Mats function in two ways; they provide a decorative border around the work, and they lift the glazing above the work, creating air space. This is important, as changes in heat and humidity could damage the work if the glazing is in direct contact with it.
Photographs in particular should never be in contact with the glazing, because the emulsion can adhere to it, and is not easily removable without damage.
In picture framing, matting is common on 'paper art' such as prints and watercolors. It used to be that matting material was made of wood pulp,
which is extremely acidic. These mats caused "acid burn" on artwork where the acid mixed with air and light. A brown line, sharp on the mat side and fading out toward the art's edge characterizes the burn. Old framed artwork can also be burned by lignin-bearing wood pulp backings, such as corrugated cardboard.
The standard in matboards for museums remains white or off-white 100% cotton rag matboard. There are also "alpha cellulose" matboards which are acid-free, and some of which feature a "pollution-absorbing" technology.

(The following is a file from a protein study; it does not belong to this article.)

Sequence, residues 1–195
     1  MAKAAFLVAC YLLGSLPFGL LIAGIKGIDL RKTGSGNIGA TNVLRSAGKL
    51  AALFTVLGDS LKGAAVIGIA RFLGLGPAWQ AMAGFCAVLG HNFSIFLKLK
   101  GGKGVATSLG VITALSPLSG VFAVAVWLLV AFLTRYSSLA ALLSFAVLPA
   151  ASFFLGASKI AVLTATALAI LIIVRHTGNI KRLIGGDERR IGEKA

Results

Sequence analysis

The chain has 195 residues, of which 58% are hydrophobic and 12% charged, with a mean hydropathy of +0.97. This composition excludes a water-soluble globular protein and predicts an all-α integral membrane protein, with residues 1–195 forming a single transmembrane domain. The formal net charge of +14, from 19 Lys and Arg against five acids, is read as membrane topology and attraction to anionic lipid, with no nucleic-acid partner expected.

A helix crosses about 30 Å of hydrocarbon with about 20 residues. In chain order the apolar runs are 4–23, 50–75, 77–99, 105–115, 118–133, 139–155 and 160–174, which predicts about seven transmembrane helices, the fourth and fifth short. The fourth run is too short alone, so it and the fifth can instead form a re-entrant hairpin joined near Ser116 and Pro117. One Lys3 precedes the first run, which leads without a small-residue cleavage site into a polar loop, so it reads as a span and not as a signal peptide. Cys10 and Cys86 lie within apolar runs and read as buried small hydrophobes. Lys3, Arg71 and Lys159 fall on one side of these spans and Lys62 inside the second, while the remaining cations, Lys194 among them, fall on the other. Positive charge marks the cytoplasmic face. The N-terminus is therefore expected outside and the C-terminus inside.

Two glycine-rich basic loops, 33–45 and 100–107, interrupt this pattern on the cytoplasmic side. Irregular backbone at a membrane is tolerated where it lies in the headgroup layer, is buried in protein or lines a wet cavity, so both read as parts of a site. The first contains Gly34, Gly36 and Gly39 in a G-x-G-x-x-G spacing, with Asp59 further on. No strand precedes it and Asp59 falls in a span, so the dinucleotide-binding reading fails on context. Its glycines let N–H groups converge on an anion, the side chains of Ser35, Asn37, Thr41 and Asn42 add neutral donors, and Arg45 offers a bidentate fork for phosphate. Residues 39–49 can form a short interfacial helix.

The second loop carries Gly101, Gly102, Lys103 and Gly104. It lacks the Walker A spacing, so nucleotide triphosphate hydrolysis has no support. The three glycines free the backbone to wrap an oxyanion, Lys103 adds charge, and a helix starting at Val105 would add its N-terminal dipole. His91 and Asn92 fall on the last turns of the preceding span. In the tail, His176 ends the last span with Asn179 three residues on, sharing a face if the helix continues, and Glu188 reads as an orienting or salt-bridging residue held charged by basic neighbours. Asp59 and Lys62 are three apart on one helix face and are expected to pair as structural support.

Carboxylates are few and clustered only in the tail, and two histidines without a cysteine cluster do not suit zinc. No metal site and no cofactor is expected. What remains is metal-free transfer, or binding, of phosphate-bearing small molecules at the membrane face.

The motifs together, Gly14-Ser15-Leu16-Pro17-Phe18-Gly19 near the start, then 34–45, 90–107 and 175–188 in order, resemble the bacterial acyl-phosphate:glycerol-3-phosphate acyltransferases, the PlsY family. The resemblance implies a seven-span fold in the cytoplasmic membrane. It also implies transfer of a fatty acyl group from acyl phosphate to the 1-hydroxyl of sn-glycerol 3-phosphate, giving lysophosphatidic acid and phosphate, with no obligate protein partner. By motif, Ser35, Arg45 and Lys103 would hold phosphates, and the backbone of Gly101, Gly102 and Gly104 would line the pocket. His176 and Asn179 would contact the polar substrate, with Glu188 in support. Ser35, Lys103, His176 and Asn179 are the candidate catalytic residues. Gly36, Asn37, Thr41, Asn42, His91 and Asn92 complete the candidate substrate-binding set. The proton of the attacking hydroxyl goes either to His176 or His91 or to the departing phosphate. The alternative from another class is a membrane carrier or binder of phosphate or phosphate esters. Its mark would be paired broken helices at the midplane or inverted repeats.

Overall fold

Fine art is secured to the backing board with small tabs or hinges of Asian paper using wheat or rice starch. There are many different types of Asian papers that can be used to secure a work in a frame depending on the weight and size of a particular piece.
Mylar photo corners are another way of securing art in a frame without attaching anything to the art. These are little paper pockets made of folded paper and secured to the substrate (mat) to hold the art in place. This method is good or art that is being shipped because it will not allow the art to swing or move out of place.